Jason King
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We have had Japanese clinical

We have had Japanese clinical scientists working in our laboratory here in Scotland and they remarked how impressed they were with the way we worked in the lab. After reading the above postings, I'm guessing that our visitors were suprised that so many people spent so long in the labs, in the absence of signing-in-stamps.

sally208
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Thanks for the above sharing!

Thanks for the above sharing! I'm going to get my doc degree the next year, after which I hope to do postdoc abroad. Your experiences would be greatly helpful to me. Expecting more sharing ...

Wnt
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parvoman wrote:

parvoman wrote:

We have had Japanese clinical scientists working in our laboratory here in Scotland and they remarked how impressed they were with the way we worked in the lab. After reading the above postings, I'm guessing that our visitors were suprised that so many people spent so long in the labs, in the absence of signing-in-stamps.

What is signing in stamps?

Oh sorry, I just found out from the previous one. That is very surprising!!!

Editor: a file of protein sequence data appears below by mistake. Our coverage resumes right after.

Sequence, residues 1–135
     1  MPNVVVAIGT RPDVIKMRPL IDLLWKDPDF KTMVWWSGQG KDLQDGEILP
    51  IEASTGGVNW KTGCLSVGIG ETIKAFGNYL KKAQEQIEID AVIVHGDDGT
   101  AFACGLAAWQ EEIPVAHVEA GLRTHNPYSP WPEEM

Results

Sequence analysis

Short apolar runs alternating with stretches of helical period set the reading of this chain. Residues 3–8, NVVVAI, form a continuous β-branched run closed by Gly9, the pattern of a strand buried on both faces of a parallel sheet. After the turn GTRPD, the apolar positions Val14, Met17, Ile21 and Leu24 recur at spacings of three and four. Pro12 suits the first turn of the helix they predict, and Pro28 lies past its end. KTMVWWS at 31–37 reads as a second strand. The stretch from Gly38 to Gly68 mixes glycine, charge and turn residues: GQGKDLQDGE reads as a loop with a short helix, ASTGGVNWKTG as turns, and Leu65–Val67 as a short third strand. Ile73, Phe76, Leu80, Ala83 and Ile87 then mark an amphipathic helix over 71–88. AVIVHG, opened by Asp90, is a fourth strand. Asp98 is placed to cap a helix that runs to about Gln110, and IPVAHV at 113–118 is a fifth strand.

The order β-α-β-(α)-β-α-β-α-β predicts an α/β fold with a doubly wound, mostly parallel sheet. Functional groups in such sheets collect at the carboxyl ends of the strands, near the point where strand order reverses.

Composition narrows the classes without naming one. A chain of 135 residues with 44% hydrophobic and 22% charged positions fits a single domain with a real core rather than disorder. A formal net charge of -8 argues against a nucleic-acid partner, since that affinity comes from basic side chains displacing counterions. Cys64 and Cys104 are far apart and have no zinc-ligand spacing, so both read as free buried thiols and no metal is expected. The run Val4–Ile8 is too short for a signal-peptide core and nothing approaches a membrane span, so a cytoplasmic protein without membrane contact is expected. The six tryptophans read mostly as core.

chanchunky
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Japanese prefer using name

Japanese prefer using name stamps over signatures, the argument being that signatures are easy to forge while you have to register your 'legal' stamps at the local government office. I don't get it (those stamps are all just bought at shops). But that's the way they do it.

armaanster
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Although I guess that DOES

Although I guess that DOES make sense on some level... I doubt japanese signatures would vary that much from their normal characters, although I might be wrong, and if so, then signatures would be very easy to forge. And secondly, a stamp would take far more effort to forge, especially since there's no simple, easy way to create a stamp from a print of that stamp, if one is even acquired that is...